We opted for a village tour with a local jumbo driver. The jumbo driver was great. He was lovely and had a great sense of humour. He had photos in his jumbo and one showed him and his wife at the Sydney Opera House. I found this surprising as so many people in Laos live on so little, it’s hard to imagine them not only being able to leave the country, but to spend time in countries where the living cost is so many times more than what they are used to.
At $5US per head, the village tour was a fairly cheap way to spend the afternoon. Before the tour, we were told that the conditions would seem harsh to us because these are real working villages. The people we saw actually live in these villages and make things to sell. They actors in a museum, pretending to work for tourists.
We visited a real blacksmith village, a real Lao Lao whiskey village and also saw the production of paper, silk and silver (tourist displays).
The jumbo looks a bit like our little suze. Maybe a bit littler.
The first village we went to was a blacksmith village. All the metal was recycled, some from old cars. Here a man recycles a piece of metal with his blacksmith magic and turns it into a knife.
Their kids weren’t working, but when the father was finished with the mallet, his son skillfully takes over and shapes a pointed spear for catching fish. How cool is that? Kids that make their own spears and catch their own fish. It’s amazing what kids can do if you just let them. I feel like kids these days are wrapped in bubble wrap and aren’t expected to do anything. Give children room to grow and learn. It’s amazing what they can do.
The gentle climate allows for simple housing, but attached to almost every house is a big ass satellite dish.
A pile of scrap metal…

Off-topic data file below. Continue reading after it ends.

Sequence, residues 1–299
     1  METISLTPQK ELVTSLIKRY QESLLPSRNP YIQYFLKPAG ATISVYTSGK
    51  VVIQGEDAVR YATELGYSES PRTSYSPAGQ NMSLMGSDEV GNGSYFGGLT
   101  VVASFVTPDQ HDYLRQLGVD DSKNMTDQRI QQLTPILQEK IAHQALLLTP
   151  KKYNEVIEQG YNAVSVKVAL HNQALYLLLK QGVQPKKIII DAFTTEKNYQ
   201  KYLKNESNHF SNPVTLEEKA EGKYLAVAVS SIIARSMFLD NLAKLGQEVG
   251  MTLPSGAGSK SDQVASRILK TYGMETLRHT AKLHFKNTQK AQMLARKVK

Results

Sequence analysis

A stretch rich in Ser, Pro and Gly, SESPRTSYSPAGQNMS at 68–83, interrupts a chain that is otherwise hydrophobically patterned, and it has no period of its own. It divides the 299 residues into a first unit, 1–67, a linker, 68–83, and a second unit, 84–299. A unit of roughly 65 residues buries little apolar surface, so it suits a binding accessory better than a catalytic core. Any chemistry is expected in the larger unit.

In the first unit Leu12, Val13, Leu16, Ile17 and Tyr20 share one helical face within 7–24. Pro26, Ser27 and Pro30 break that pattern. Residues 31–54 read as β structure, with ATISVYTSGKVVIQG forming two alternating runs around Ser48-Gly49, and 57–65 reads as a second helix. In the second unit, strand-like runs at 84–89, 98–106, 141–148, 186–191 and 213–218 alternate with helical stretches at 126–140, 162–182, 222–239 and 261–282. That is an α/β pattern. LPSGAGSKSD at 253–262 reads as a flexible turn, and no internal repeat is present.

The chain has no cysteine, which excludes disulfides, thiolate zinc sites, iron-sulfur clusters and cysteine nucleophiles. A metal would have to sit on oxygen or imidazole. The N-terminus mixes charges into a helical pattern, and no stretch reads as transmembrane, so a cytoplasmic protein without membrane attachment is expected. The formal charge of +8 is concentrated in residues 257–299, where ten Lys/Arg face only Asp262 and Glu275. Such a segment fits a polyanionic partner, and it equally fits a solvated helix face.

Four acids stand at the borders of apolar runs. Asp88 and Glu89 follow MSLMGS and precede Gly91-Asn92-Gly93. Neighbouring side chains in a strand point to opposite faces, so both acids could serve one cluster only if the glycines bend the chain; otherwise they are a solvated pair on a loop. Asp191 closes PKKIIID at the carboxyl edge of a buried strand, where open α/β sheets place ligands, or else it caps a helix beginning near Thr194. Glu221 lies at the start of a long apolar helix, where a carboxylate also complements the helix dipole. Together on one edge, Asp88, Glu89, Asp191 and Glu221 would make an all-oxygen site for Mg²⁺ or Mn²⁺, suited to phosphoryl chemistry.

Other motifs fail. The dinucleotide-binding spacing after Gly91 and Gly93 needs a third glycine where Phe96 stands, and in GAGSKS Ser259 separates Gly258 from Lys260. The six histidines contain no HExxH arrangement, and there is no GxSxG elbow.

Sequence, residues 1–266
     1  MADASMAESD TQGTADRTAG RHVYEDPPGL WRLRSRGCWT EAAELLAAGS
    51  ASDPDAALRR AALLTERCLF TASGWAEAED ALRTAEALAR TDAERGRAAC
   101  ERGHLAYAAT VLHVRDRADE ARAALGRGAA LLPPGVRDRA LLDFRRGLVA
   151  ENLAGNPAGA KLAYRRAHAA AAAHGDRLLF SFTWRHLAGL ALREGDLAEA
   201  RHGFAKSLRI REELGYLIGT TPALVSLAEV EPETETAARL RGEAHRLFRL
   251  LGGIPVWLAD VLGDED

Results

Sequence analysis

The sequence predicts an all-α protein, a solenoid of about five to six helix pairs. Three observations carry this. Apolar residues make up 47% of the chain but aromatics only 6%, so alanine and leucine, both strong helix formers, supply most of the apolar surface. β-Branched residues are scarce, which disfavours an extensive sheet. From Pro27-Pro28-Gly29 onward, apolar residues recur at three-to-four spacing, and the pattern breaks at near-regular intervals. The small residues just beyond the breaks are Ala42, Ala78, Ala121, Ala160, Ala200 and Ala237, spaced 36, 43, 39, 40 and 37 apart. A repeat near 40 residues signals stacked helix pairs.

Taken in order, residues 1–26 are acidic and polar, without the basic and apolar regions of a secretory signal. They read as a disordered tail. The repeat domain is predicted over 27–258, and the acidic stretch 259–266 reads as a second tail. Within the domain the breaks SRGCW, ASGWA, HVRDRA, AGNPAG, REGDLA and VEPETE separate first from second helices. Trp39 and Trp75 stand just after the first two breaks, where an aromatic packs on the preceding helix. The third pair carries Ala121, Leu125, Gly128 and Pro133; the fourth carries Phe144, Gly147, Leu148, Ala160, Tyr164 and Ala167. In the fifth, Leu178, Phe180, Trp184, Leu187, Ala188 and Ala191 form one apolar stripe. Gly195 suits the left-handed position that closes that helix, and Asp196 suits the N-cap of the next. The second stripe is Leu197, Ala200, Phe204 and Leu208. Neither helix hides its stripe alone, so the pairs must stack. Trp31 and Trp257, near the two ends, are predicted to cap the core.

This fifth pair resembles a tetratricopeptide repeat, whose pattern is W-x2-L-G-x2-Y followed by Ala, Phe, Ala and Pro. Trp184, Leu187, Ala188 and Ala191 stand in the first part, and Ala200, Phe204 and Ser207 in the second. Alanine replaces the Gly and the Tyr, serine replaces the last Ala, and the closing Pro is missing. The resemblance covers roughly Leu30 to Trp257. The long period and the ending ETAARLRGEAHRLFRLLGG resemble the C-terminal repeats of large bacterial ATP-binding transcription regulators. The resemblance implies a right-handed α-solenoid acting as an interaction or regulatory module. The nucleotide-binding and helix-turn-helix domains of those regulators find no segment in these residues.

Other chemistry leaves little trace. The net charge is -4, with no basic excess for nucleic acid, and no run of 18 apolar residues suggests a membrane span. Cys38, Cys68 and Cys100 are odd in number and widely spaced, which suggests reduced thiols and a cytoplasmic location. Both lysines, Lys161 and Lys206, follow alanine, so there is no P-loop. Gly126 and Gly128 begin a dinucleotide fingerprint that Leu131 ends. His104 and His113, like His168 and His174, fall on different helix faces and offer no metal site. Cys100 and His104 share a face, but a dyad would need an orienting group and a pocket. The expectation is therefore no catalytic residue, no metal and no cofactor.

Is expertly fashioned into braziers or pot holders?
Lao Lao Village
Lao Lao, the local moonshine, is made from fermented rice. Once the rice is used, it doesn’t go to waste, but instead feeds pigs. All the Lao Lao makers keep pigs because it costs nothing to feed them. I asked if the pigs get drunk from the rice. Yes they do. Also, any chickens that eat the rice also get drunk. It must be a funny sight!
These porcine drunks just wanted a head scratch. They were pretty friendly. I guess booze is a social lubricant.
Lao Lao village villagers. I wonder what this little one thinks about all this?
Lao Lao machine.
The Lao Lao maker makes friends with The Koala.
…who makes friends with the Lao Lao.
At the Lao Lao village, they also made dried seaweed snacks. I guess they must compliment the whiskey very well. I wish I had bought some. The lady making this stuff was busy and didn’t try and sell us any. But if she had, we probably would have all bought some.
This wasn’t officially part of the village tour but a single shop and was open to tourists. But still, interesting how these worms make silk.
Silk worms feast on mulberry leaves.
Then spin cocoons.
If leaft unharvested, they will turn into moths.
Dyed strands of silk…
Are woven into fabric and garments.
Also just a single shop rather than a village and the silver here was really expensive compared to the night markets. I don’t know if it was just tourist prices here or that the market prices were too cheap.
Village Tour Tips:
- Visit a working village, not set up shops where people work for display purposes only.
Village Tour Highlights:
- Seeing how people actually work and also comparing them to the shops.
That little whiskey village is where Anthony Bourdain filmed part of his show from Laos. His whole crews got so hammered at that little whiskey village. I did similar tour but by boat back in 2005, on our way up see the cave “Thum Ting”.
By the way, did you get to visit this little village that specialist on pottery. This village is just few kilometers south of LPB but across the MeKong River.
Sweet! I love Bourdain. We were quite well behaved when we went and only The Koala got drunk. We didn’t go to the pottery village, but I loved the whole village aspect of the businesses we did go to. We also went to the Buddha cave by boat on the way from Laos to Thailand.